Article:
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A Great Dish

Opinion

Michal McKay03 April 2017

BB34

Capturing the catering quarter in a pretty competitive market could be a daunting prospect. Particularly in Hawke’s Bay which harbours a plethora of talent.

So when Jenny Parton set out on such a mission some fifteen years ago she was clear-eyed about the challenges. Her latest coup is the contract for the Napier Conference Centre. Sure proof she and her company, Dish, have the magic ingredients when it comes to making moments memorable.

Food wasn’t at the forefront of Jenny’s ambition list when she left school. Fashion was her love. And she admits she still has a passion for design.

But following a course in graphic art she took o to see the world and found herself working in a ski chalet in Europe. “I thought I could cook,” she comments wryly. What that experience did do though was guide her creative streak onto another route. “I attended Battersea Park College in London which provides a very practical curriculum, so much so not that many students stayed the course. We had a lot of tutors who were French-based, which isn’t necessarily my most favourite style of cuisine but it gave me a great grounding.”

In fact, her taste buds were awakened by the flavours she discovered while later travelling in Asia and certain parts of Europe. Once back in Auckland she worked with well-known chef Paul Jobin for several years. “Paul was Japanese-trained so that too heightened my interest in Asian food. I love the rather crisp effect it has and as I am dairy intolerant I was never into the rich creamy sauces of the more traditional cuisines. Currently I am dabbling in Moroccan; I really like strong flavours. And also I instinctively lean to the health side of food preparation, coming up with new salad combinations. And juicing.”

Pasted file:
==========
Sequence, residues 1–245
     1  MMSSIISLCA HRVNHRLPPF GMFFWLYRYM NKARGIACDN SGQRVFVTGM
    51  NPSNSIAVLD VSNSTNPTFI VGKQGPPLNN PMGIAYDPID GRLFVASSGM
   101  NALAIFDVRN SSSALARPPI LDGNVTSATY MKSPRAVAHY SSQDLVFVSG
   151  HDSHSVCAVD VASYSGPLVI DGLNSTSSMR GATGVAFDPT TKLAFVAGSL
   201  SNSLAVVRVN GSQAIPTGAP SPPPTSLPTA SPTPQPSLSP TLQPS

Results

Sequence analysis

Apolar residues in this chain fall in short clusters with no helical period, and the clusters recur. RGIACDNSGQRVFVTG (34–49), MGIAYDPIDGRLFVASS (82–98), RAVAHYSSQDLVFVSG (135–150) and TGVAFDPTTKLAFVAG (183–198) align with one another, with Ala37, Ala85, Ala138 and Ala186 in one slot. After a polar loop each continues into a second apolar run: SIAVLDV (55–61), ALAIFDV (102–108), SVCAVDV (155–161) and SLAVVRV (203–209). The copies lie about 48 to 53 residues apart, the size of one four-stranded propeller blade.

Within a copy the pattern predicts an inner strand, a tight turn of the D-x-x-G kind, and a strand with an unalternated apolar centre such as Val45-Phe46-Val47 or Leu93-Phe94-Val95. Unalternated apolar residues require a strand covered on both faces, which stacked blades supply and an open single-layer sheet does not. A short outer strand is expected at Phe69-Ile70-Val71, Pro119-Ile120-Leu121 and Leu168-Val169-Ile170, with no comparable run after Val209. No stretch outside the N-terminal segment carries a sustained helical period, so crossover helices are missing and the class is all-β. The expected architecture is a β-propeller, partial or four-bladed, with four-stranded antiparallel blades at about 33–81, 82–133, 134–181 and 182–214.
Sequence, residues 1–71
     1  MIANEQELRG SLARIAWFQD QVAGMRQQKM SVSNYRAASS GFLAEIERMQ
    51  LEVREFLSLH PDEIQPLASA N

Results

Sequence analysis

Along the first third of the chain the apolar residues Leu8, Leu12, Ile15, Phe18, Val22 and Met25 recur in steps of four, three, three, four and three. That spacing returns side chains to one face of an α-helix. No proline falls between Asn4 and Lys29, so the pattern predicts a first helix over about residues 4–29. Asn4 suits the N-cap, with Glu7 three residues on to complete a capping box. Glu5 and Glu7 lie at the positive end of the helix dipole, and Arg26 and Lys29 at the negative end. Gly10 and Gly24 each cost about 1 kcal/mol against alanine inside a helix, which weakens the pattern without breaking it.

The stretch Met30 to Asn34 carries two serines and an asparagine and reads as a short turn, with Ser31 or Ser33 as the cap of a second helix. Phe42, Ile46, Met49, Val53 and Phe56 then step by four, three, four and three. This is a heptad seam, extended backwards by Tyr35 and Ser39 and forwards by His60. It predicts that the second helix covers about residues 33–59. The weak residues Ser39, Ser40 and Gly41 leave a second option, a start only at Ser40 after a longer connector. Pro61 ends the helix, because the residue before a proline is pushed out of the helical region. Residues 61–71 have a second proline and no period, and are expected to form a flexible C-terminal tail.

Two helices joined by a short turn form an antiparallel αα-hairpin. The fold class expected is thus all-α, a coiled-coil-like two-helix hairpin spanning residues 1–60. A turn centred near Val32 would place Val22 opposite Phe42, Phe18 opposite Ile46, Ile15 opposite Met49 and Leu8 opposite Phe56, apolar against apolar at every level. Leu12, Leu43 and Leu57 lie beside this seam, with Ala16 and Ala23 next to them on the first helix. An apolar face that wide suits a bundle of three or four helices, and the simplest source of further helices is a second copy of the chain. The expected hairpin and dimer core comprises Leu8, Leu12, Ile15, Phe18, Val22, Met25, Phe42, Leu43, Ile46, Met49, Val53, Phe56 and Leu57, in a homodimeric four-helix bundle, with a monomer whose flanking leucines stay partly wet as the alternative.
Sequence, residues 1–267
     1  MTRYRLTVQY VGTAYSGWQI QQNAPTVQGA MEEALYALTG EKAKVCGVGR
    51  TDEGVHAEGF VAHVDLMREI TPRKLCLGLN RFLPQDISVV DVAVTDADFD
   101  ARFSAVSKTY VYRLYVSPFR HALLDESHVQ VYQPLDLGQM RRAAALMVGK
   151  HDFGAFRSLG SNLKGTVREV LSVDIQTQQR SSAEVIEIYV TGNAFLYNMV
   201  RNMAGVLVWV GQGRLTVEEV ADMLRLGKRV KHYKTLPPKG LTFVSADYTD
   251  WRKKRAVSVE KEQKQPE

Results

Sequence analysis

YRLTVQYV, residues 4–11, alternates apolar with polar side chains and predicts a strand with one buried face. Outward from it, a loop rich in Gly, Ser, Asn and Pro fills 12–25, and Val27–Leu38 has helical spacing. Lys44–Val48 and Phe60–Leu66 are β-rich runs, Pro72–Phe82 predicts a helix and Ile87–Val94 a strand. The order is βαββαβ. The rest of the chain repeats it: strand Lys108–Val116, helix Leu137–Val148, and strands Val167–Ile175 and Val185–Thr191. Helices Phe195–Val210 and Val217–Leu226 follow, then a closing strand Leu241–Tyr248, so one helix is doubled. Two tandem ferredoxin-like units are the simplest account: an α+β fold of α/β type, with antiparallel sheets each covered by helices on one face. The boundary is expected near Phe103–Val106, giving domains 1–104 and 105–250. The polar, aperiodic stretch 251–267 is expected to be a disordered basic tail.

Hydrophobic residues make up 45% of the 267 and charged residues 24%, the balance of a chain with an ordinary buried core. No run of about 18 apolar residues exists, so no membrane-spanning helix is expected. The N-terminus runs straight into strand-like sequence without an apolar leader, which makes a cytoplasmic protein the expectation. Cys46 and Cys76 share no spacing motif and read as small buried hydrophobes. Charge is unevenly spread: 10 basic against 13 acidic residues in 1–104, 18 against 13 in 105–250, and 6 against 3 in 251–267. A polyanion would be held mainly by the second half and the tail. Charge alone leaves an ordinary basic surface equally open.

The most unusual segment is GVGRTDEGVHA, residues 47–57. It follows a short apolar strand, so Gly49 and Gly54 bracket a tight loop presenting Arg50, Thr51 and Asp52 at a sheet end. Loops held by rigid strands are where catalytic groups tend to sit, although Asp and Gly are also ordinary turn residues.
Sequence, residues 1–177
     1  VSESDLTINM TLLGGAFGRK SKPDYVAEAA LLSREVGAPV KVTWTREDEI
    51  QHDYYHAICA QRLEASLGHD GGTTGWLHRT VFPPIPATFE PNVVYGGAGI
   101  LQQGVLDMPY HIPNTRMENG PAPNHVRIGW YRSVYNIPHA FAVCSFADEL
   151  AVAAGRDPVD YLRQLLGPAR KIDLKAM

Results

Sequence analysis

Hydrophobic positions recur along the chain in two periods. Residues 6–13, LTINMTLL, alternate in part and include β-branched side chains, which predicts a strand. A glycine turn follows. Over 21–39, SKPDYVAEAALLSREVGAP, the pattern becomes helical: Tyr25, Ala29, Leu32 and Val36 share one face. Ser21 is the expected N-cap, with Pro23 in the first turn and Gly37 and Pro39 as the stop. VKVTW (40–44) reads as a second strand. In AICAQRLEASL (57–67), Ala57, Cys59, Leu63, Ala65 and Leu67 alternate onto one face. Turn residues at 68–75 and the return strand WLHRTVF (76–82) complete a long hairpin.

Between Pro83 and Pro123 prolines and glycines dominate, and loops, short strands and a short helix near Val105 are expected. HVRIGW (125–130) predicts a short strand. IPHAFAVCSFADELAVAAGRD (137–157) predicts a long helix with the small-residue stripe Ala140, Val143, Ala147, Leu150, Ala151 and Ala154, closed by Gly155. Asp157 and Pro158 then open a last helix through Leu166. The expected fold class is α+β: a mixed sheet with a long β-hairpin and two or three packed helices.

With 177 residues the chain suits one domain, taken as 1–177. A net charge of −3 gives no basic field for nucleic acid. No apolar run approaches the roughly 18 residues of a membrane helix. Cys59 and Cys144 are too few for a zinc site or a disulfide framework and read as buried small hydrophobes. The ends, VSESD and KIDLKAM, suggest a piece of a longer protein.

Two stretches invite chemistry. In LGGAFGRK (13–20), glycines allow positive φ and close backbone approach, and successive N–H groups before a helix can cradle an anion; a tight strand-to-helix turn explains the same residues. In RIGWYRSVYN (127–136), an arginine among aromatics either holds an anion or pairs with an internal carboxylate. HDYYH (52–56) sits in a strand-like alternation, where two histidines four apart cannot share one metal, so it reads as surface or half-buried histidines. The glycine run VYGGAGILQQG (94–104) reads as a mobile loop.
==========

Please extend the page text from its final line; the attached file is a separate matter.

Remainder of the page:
Though she enjoyed working in the big city, an opportunity as a sous-chef with Vidal’s drew her to Hawke’s Bay. “I had never been before so it was a leap in the dark. But I loved it and since then I have cheffed in a lot of wineries including Sileni, where I ran both the fine dining and the more casual restaurants.” Her experience in such kitchens also opened up an invitation to be guest chef at the prestigious world gourmet summit in Singapore … further adding to her love for Asian food.

Despite the fact that as a restaurant chef she had the chance to be truly adventurous with her menu, Jenny wanted a new challenge. She had never done catering before. But undaunted, she found the opportunity to produce a fabulous event allowed her creative streak a fresh outlet as she designed special settings, put together amazing menus and harnessed all the essentials that make a marvellously memorable occasion. “My greatest pleasure comes from being able to suggest a concept to a client who may not have ever considered it before or thought it possible, and to see their eyes light up and a sense of relief in knowing they are talking to someone who is as inspired about that moment as they are.”

With 59 staff on her books, this is obviously something on which she thrives. “Though it is more predictable, with a higher volume and by necessity a more conservative range of dishes, there is still a wide vista of opportunity to create something special – lots of small plates, sharing plates, offering the unexpected … it’s just a matter of imagination. And this is what the catering side can do which cheffing can’t. And it is probably why so many chefs move around looking for something fresh to whet their appetite.”